By Hillel Aron
By Joseph Tsidulko
By Patrick Range McDonald
By David Futch
By Hillel Aron
By Dennis Romero
By Jill Stewart
By Dennis Romero
|Photo by Slobodan Dimitrov|
I am rebuked in this issue [see Letters page] for my recent column on Martin Luther King Jr./Drew Medical Center by an old acquaintance, Director Mark Finucane of the Los Angeles County Department of Health Services (DHS). Actually, Finucane, while defending his operations, takes issue with my accuracy on only one point, which I shall return to later.
Otherwise, our local health czar mostly lauds things as they are at the DHS hospital system in general and King/Drew in particular. My contention is that things ought to be and could be better.
Finucane’s basic disagreement is that I suggest that the second-largest hospital in the county system should, without increased funding, be providing better patient care. He criticizes my airing some concerns of the Joint Council of Interns and Residents (JCIR) about working conditions: “In a perfect world interns and residents would be paid far higher wages and work shorter hours,” he says. Actually, I didn’t say anything about those terrible hours. Finucane continues, “We operate teaching hospitals that provide interns and residents with the hands-on experience, oversight and education they need to become physicians.”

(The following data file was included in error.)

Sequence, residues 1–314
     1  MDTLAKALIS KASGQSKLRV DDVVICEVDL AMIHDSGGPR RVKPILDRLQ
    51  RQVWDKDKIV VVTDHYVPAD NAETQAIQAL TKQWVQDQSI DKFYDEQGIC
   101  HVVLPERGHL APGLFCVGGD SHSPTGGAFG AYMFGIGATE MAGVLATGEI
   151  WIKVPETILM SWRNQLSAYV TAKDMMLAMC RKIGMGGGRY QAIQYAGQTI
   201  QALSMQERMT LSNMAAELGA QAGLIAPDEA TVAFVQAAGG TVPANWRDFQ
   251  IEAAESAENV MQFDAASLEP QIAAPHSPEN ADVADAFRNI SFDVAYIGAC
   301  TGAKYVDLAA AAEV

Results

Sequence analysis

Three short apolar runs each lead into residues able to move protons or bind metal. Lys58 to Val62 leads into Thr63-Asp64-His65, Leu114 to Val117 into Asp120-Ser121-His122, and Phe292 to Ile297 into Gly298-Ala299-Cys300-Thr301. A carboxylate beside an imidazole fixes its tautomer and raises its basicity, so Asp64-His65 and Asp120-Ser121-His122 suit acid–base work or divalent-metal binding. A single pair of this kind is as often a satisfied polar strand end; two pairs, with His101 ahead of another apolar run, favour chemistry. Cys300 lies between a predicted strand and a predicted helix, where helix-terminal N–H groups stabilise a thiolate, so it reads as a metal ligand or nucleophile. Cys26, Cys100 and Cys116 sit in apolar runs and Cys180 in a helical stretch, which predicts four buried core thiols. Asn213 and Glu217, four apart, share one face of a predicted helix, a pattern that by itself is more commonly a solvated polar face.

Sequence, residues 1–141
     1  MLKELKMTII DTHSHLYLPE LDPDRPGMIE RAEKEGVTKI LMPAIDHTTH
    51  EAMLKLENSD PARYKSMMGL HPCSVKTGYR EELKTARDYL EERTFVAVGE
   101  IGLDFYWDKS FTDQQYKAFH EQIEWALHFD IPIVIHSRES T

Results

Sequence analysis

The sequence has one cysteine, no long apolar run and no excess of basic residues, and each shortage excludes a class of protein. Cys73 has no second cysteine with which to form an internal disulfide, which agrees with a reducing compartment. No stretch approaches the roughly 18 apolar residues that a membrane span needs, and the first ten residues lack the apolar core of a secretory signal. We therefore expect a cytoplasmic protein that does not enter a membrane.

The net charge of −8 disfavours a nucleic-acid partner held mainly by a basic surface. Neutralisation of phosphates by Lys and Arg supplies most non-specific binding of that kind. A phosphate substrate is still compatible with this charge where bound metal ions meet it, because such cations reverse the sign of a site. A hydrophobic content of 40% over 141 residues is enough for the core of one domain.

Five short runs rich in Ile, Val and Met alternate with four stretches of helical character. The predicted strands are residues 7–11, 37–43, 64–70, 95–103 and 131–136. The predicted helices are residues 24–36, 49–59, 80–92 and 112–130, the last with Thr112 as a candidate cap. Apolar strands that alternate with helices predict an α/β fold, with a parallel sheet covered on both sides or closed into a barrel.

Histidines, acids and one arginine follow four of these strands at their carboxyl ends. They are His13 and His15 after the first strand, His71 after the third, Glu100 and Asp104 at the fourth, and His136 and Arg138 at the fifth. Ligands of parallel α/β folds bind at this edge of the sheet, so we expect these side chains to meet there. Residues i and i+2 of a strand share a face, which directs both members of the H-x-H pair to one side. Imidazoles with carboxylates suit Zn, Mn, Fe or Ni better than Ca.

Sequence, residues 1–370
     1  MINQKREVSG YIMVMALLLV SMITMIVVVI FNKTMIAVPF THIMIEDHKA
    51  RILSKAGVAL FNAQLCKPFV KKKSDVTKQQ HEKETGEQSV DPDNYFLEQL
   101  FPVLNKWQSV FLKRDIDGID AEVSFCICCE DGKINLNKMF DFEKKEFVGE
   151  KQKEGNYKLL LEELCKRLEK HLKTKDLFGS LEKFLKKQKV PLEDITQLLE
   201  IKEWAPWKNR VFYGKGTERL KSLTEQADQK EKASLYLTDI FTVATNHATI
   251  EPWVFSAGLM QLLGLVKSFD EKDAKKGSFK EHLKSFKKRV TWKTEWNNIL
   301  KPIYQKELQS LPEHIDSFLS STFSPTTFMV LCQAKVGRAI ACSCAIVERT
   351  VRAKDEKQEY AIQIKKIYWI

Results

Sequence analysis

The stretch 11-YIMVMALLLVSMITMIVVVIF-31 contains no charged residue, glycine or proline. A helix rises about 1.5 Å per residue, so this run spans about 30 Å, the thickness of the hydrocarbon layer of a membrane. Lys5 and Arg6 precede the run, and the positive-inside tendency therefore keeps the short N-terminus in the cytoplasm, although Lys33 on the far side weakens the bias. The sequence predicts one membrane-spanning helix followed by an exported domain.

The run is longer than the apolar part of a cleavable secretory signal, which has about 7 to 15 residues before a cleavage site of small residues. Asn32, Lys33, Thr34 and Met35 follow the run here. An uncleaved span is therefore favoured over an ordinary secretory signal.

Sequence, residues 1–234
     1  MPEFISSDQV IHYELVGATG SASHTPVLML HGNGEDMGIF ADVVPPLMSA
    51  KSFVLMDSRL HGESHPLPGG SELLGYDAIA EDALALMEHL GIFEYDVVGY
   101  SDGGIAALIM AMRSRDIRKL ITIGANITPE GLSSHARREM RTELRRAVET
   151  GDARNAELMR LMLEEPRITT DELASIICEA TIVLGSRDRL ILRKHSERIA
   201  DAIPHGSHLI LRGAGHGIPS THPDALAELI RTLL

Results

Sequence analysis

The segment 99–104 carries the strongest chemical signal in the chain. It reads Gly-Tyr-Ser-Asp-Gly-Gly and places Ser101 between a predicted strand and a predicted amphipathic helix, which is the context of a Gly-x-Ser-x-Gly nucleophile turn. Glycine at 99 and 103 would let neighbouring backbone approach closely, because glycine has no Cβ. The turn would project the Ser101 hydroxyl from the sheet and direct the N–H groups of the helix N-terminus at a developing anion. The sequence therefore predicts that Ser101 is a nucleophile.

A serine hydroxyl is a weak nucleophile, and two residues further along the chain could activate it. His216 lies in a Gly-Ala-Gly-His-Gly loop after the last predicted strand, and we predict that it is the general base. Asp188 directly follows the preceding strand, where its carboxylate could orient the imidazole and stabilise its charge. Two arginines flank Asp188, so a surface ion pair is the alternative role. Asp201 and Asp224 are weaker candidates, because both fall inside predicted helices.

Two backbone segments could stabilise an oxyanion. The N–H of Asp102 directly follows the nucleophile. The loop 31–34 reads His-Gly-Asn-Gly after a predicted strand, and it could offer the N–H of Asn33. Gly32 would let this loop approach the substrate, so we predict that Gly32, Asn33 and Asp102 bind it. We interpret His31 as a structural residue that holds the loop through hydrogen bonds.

There is a classic ideological dictum underlying this statement defending the current, century-old teaching hospital system — it resembles the old drill sergeant’s motto: “Train hard, fight easy.” The problem is, of course, that the “hands-on experience” Finucane refers to involves the health and lives of — as he acknowledges — members of the county’s 3 million uninsured people.